Do Not Become Alarmed
By Maile Meloy
Published by Viking (6 July 2017)
When Liv and Nora decide to take their husbands and children on a holiday cruise, everyone is thrilled. The ship's comforts and possibilities seem infinite. But when they all go ashore in beautiful Central America, a series of minor mishaps lead the families further from the ship's safety.
One minute the children are there, and the next they're gone.
What follows is a heart-racing story told from the perspectives of the adults and the children, as the distraught parents - now turning on one another and blaming themselves - try to recover their children and their shattered lives.
Do Not Become Alarmed is well written literary fiction, focusing on parents' reactions to the disappearance of their children on an excursion trip during a two week cruise. The book highlights corruption, drugs and murder within Central America, so has some dark underlying themes.
The events are told from the perspectives of the parents and the children. I enjoyed the children's version of the events far more than the parents', finding it difficult to sympathise with, and warm to, the adults. I didn't find the book particularly emotional. However, I was intrigued enough to keep reading to find out what happened to the children and families by the end.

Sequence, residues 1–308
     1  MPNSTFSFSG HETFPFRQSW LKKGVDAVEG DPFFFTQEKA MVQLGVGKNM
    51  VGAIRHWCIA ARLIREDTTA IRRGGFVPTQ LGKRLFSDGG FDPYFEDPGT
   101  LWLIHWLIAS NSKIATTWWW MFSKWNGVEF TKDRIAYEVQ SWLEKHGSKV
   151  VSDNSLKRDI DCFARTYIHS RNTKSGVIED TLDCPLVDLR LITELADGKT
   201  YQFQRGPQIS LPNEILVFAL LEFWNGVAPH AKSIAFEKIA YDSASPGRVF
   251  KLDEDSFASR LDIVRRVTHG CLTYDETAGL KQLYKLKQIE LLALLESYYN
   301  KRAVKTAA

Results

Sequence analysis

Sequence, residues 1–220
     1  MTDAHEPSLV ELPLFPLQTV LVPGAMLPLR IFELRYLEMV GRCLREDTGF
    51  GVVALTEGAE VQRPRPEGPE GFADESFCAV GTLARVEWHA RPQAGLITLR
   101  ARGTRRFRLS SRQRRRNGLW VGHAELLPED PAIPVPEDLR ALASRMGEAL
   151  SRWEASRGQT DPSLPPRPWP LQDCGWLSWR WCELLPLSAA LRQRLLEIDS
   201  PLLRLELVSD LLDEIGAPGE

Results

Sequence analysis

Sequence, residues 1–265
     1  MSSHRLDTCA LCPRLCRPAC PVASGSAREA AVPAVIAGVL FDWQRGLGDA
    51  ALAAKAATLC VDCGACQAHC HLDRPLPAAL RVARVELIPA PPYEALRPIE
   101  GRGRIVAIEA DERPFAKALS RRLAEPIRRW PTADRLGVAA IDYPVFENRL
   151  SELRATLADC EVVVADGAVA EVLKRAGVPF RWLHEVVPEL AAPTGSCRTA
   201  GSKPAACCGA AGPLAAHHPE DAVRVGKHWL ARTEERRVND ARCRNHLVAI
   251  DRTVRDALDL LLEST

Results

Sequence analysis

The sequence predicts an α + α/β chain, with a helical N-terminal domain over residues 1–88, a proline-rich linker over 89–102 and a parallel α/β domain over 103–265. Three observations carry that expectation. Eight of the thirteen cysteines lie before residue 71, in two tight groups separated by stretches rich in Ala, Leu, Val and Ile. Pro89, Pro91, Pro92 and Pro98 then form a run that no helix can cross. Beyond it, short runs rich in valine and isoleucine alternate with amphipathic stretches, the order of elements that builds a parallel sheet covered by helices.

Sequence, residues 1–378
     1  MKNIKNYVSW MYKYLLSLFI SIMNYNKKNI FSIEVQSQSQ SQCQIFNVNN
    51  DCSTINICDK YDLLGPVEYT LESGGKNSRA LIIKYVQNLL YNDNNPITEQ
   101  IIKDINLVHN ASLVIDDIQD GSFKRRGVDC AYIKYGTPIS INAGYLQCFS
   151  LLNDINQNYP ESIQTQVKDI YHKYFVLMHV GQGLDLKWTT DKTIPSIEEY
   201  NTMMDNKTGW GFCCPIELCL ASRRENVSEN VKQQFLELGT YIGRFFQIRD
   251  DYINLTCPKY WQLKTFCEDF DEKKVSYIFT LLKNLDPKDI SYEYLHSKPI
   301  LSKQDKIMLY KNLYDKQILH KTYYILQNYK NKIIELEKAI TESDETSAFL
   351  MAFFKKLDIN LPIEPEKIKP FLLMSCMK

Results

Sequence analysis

The families involved are all wealthy and successful. One key message from the plot seemed to be that wealth can't buy you commonsense, happiness or breeding, judging from the parents' behaviour. I wasn't totally sure why one particular thread was there, other than to show the rich-poor divide.
This book is marketed as a 'heart-racing' story, but I didn't find this to be the case. Instead, I found it to be a slow burner, focusing on family dynamics and changing friendships when dealing with every parent's worst nightmare. It took me a few chapters to get into the story, possibly because I was expecting something else - but once I realised this wasn't going to be a fast-paced read with lots of twists and turns, I focused on the vivid descriptions and atmospheric setting.
I suspect that readers who love fast-paced thrillers may be disappointed. And I also suspect that this could be a marmite book for the summer season - people may either love it or hate it, depending on their expectations.
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